There are scads of books on mothering and parenting and raising children.  How-to tomes. What to expect, what to avoid, how to be hands-free and all that. Maybe mothering today’s a bit more complicated.  Or so it’s probably always been to anyone who’s living it.

Personally, I’m at the far end of the mothering spectrum. And I’ve found few books to guide me. There’s a few about boomerang kids, but not much else beyond transitioning through the teen years and we’re past that too. And as far as flying objects go, I’m not much worried about boomerangs and more concerned with balloons.

I’ve had a whole handful of four, beautiful, bright, helium-filled, boy balloons and one-by-one each string loosens from my grasp. One day soon, the final of the four will lift, floating off free. And away from me. As should be. After all, independent, self-sufficient, productive citizens are the end-zone goal.

It’s just that when it comes to expecting … no one ever talks about what to expect at this point in the child-raising timeline. Saying goodbye is  not something you think about as you rock your infant, chase after your toddler, or sit across from your child’s teacher at a parent conference. Honestly, raising children is about as in the moment as it gets. Who has time or energy to think about the future when the here and now is so very consuming.

Truth is, the little dickens start leaving and living their own lives from the very first defiant, No! They have thoughts, dreams, and ideas of their own, and sooner or later – you’re in the way. You know it’s coming, but somehow you don’t expect it. Each milestone stands on its own, a point on the timeline toward departure. And once that last balloon wrests itself free, you watch it float skyward and wonder whatever in the world you’ll do next.

It’s been a wild ride couple of decades through each age and stage, but no fair lasts forever. Near as I can figure out, mothering young adults feels no less puzzling than the first years did. It’s another stage, another question mark in the life-long series I signed up for. I’m guessing I’ll be finding my own way just as my children find theirs – each of us simultaneously starting a new stage of life, on our own – together.

A Day in the Life of a Woman

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I work hard. Sometimes too hard. But hard as I work, I almost never give myself credit. No stars on my sticker chart. No atta girls or pats on the back. I’m never entirely satisfied … self-satisfied.

I thought a lot about women yesterday. Me, sure, but me in terms of all the rest of us.

Are you like me? Is well done never quite good enough?

I’ve reached an age where I don’t feel the need to self-psychoanalyze why I am who I am. It doesn’t much matter anymore how I got to be the me I am.  I’m more forward thinking these days and want to know where I’m going next.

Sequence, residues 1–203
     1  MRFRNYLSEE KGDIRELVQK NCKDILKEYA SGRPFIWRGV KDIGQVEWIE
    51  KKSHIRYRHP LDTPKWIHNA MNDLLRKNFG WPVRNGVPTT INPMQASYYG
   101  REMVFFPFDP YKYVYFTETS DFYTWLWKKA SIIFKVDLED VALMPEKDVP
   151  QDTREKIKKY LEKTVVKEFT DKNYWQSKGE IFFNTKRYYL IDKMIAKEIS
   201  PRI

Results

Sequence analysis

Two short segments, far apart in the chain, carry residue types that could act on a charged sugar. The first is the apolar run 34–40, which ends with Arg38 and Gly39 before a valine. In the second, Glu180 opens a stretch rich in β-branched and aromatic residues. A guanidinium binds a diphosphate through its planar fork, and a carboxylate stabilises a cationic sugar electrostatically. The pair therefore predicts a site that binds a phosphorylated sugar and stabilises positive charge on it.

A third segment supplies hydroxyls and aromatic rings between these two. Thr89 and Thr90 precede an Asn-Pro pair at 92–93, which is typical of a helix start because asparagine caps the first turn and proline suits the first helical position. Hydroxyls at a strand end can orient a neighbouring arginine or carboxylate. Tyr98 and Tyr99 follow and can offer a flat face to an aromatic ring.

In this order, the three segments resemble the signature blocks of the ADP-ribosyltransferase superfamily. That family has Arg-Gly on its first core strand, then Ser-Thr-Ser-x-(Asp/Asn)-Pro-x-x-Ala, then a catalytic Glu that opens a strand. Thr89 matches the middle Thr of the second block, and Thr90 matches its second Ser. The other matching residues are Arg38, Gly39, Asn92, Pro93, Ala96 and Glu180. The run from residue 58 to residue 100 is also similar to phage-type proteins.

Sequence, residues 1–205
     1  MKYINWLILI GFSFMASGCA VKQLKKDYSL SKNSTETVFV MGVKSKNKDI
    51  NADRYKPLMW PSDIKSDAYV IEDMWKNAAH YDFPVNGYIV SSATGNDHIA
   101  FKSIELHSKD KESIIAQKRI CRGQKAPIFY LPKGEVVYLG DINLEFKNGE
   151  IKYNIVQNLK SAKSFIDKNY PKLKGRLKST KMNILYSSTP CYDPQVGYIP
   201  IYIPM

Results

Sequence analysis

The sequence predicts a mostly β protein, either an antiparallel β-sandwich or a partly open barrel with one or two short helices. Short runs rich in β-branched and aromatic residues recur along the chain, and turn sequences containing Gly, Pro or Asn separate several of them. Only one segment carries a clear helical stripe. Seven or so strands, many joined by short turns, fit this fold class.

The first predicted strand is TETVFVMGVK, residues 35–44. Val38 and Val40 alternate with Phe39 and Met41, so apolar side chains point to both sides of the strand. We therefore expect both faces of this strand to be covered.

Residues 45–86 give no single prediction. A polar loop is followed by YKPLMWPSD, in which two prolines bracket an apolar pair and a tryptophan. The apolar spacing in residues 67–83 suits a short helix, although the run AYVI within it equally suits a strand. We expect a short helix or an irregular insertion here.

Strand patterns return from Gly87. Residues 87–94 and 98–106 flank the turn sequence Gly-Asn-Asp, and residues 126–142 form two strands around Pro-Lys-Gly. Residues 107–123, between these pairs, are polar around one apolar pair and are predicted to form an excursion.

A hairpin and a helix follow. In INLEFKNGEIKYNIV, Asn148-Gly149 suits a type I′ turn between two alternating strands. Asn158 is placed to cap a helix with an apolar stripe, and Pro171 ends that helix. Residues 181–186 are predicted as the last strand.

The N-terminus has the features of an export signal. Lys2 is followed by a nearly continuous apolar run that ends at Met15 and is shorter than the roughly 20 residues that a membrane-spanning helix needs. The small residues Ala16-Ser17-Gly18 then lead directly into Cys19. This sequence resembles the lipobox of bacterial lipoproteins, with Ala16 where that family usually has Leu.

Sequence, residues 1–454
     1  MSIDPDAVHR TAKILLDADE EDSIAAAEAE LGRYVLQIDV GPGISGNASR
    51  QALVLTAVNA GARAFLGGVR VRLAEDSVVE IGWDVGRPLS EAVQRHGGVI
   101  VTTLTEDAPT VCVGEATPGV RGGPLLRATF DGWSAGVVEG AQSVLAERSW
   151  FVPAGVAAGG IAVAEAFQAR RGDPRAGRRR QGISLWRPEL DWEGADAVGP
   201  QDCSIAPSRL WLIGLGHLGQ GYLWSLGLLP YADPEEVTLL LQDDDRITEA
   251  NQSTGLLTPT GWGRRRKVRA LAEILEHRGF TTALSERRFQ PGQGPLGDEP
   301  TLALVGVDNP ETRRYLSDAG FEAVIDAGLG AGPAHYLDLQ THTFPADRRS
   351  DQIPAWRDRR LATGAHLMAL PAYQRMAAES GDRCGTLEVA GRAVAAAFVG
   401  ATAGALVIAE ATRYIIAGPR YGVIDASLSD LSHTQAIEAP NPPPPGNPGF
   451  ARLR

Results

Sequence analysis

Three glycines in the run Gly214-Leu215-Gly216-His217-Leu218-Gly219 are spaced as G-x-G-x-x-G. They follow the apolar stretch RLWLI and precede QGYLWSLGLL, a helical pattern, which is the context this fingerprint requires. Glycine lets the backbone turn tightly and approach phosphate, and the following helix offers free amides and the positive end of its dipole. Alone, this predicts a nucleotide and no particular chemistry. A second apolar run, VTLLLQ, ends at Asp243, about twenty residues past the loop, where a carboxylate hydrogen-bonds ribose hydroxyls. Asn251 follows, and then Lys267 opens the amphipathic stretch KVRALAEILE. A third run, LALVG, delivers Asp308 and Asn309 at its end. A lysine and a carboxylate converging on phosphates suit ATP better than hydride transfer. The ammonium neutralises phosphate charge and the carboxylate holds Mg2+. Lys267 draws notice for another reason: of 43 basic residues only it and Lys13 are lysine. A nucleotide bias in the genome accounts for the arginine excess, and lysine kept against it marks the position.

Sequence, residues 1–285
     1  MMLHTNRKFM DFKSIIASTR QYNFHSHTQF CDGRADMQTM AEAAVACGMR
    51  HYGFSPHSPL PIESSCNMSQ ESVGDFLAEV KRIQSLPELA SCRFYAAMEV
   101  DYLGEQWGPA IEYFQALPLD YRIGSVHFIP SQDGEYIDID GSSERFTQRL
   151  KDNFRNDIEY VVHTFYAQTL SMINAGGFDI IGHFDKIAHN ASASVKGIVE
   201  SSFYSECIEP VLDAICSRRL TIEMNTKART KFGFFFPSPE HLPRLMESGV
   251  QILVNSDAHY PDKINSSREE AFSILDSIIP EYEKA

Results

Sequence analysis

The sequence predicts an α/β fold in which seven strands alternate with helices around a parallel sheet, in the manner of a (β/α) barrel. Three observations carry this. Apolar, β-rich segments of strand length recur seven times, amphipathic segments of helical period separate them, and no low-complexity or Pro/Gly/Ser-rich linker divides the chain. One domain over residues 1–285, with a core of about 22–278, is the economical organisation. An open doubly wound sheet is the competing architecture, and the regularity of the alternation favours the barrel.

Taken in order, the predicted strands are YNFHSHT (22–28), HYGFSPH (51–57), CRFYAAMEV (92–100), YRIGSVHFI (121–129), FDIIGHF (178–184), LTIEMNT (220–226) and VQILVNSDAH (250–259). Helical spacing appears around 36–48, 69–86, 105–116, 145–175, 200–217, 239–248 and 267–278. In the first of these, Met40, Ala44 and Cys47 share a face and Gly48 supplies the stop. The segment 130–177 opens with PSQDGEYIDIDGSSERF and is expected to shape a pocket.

But back to the credit. Can’t we all give ourselves a little more credit for all the good we do in the world? Credit for all that gets done because of us? Let’s give ourselves a moment of self-satisfaction for the crying babies we soothe, the corporations we run, and the patients we care for. Let’s tally points in our plus column for the words we write, the dishes we wash, the bills we’ve paid, essays we’ve read, and the fires we literally and metaphorically extinguish.

Let’s thank the women who do what we cannot: the chefs, lawyers, sales clerks, teachers, and child care workers. The all of us. No matter what I do or you do, not one of us can do it all. (Despite our very best efforts.)

I’m so grateful to the kind, young woman at Ulta who steered me in a better cosmetic direction without ever once making me feel old or less than. So grateful. It’s hard to be an aging woman, and she didn’t make me feel like one. Thank you for seeing me and not my age, Ulta woman.

Let’s remember and reach out to the women who feel forgotten, looked over, or invisible. Let’s say hello to the elderly, smile at the mom hauling a dozen birthday balloons from the dollar store, and start a conversation with the woman who looks so sad or lonely on the subway.

We’re all in this together – some alone, others with partners by our sides. Some of us are raising children and wonder about their future just as others of us get ready to retire and wonder about ours. We worry. We dream. We love. We grieve. We think. We vote.

We’re thin and not. Young and not so young. We’re blond, brunette, and chemo-bald. We’re store-bought and homemade. We’re mothers and mayors. We’re sometimes forgetful, always busy, loving, intelligent, brave, and beautiful. We’re a country of women, a world of women, and a culture of women. To try to define us somehow limits us for we are not and will never be a type, a party, a race, or one-size-fits-all.